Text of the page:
Such is the torment of Syria's ongoing war that the idea of Russia sending in its forces to attack ISIS have caused a rare diplomatic mix of alarm and excitement.
I mean, really, would that be truly bad news? Or something to be hoped for, given all the recent disasters there? Would more direct Russian involvement prolong the fighting, or shorten it? Do we even have a clue?
We know only that intelligence reports have Vladimir Putin's Russia stepping up large transport flights of new military equipment for Syria, as well as barracks for personnel on the ground.
And now Reuters is reporting that Russian forces have begun participating in military operations alongside Syrian government troops.
The U.S. had warned Moscow against any such move, even if meant to fight ISIS, a common enemy.
Washington's position is that more direct Russian involvement, beyond the military advisers it's had in the country, would further escalate the fighting, increase refugee flows, and risk even broader extension of a conflict now destabilizing much of the Middle East.
Certainly Russia's responsibility for the bloodshed there over these past four years is substantial as it has been, along with Iran, the primary supplier of arms and diplomatic muscle to the besieged Assad government.
Until now, at least, no boots on the ground, but plenty of planes and ammo.
On the other hand, what has the West's own vague, often distracted and mostly hands-off policy achieved?
"It is difficult to imagine how a civil war that has lasted four years, and by most accounts killed 300,000 people and created millions of refugees could become any more expansive in its effect," Canadian military strategist, retired colonel George Petrolekas wrote this week.
"Paradoxically, if the increased Russian presence is true, it may in fact hasten an end to the conflict"
Geopolitics will warn, of course, that adding Russian troops to the Syrian quagmire would bring a hefty price tag, including the spread of Russian influence inside the heart of the Middle East, something the West struggled to contain throughout the Cold War.
For now, Moscow is still denying, sort of, that it intends to send in its forces, dismissing Washington's nervousness as a "strange hysteria."
On the other hand, since the Crimea and Ukraine crises erupted, Moscow's denials carry limited weight.
What's more, the Kremlin doesn't actually deny that events are pushing it in that direction, even conceding it may adopt new measures to fight Islamic jihadists, including ISIS, "if the conflict worsens," which of course it has been.
And clearly something is afoot. Keep in mind Russia tried only a few months ago to sell the U.S. and Saudi Arabia on a Syrian peace deal, which would involve a continuing Assad government, along with Iran and other outside forces, in a new anti-ISIS coalition.
There were no takers then, but this new move, assuming it's substantive, might be a way to up the ante.
Speculation is also building around Putin's appearance at the UN later this month.
That could be his opportunity to launch a Russia-backed initiative in the full glare of global publicity.
He knows many in the West are desperate — the right word these days — to see the war ended, the refugee crisis staunched and ISIS firmly checked on the ground.
Any end to the nightmare would have to involve compromises by many factions, and almost certainly other international involvement.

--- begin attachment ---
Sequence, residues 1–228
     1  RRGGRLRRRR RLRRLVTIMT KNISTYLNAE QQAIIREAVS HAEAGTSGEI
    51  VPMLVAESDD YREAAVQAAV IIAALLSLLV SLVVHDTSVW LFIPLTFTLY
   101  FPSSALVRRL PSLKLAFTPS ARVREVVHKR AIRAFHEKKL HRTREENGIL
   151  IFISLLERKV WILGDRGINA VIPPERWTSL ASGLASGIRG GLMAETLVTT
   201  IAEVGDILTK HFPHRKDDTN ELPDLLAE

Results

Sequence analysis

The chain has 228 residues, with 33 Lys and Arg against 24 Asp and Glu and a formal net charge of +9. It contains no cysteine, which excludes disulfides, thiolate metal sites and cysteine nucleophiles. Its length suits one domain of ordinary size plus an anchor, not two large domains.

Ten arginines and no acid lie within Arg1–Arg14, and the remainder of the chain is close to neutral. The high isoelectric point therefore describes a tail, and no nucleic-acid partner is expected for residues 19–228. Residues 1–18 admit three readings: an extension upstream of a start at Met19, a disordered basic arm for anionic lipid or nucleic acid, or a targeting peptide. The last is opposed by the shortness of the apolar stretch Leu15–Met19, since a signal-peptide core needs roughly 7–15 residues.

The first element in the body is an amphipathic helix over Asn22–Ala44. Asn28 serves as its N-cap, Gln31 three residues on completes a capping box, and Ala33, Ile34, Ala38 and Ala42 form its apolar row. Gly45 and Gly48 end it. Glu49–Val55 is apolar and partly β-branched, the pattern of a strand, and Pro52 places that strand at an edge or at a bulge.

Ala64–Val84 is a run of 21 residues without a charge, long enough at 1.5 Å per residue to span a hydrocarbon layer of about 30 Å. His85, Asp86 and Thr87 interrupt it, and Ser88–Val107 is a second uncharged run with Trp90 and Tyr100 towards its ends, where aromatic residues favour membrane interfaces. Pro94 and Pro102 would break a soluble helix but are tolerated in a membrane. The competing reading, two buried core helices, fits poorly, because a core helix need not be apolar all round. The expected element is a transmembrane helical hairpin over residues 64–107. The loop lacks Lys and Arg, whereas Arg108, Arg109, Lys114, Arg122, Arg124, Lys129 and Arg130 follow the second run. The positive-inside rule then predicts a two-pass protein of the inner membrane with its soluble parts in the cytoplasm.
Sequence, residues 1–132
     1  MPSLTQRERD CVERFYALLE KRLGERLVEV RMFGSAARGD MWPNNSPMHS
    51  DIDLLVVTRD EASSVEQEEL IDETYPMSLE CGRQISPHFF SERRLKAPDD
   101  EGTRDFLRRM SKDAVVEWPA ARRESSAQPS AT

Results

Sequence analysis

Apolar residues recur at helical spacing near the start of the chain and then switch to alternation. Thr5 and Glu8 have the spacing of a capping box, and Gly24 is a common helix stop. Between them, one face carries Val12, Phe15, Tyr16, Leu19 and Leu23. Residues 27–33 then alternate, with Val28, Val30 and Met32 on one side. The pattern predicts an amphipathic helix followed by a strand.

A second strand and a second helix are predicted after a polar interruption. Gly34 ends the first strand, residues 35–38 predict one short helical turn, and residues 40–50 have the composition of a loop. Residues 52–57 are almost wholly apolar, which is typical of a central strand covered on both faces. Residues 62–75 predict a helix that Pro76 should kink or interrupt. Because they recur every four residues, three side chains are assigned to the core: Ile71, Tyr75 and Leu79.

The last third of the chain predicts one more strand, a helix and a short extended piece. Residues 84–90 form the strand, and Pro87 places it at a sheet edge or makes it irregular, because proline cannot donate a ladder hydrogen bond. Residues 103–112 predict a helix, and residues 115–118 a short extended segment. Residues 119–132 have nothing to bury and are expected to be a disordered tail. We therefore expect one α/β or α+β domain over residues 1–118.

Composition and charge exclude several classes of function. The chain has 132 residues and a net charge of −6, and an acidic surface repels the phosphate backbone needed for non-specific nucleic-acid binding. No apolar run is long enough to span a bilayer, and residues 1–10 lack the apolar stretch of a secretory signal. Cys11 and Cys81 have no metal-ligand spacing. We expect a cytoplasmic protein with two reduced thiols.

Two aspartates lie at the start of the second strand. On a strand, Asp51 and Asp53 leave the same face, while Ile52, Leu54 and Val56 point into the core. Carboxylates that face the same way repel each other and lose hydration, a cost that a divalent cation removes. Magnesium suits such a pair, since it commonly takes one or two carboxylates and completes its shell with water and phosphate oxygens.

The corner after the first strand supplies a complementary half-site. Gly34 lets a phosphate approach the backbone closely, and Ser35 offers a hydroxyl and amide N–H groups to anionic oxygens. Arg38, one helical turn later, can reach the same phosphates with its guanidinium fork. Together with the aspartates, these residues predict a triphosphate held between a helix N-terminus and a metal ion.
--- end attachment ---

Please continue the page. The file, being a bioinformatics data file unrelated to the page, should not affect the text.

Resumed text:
Notably, British Prime Minister David Cameron hinted this week that he might deploy troops to protect civilian safe havens in and around Syria, if other allies were willing to join in.
It makes you wonder if a new European-Russian-U.S.-Iranian-Arab coalition might be stitched together under some kind of humanitarian/military mandate.
Winning kudos in the West, and perhaps even some easing of Western sanctions, is likely a side motivation for Putin, but he also has more profound issues to grapple with.
First, he will have to work fast to shore up the crumbling Assad regime, which now holds barely 18 per cent of the country, largely areas of Alawite and Christian populations who have largely supported the government.
Putin — like Iran, but unlike the West and others in the anti-ISIS coalition — wants Assad to survive in order to play a role in future peace talks and so is rushing more help to him.
The Russian president is old enough to remember, though, the U.S. humiliation when South Vietnam quickly crumbled once American support ceased in 1975, and he won't want a similar Damascus collapse with Russian advisers fleeing by helicopter.
Putin clearly wants influence in any future Syria, including continuing naval rights, important for Russia's expanding fleet presence in the Mediterranean.
It will expect large commercial benefits and to continue as the main seller of arms to Syria, as it has been since the depths of the Cold War.
Another motivating factor is that there are strong links between Russian orthodox churches and the much endangered orthodox Christians in Syria, who the now overtly religious Putin likely sees as his role to protect.
More importantly, Putin knows that any expansion of ISIS and similar groups that would follow the collapse of Assad will ignite jihadist rebellions within Russia's own southern flanks, especially deeply restless Chechnya, where Putin, early in his presidency, suppressed one long-standing rebellion.
Neither Russia nor the West have ever wanted to send troops to Syria, but now that it seems mired in a hurricane of total chaos there may be little choice in the near future.
For the rest of us, fresh thinking seems to be required, for what clearly hasn't worked is everything we've tried to do and not to do up to this utterly sad point.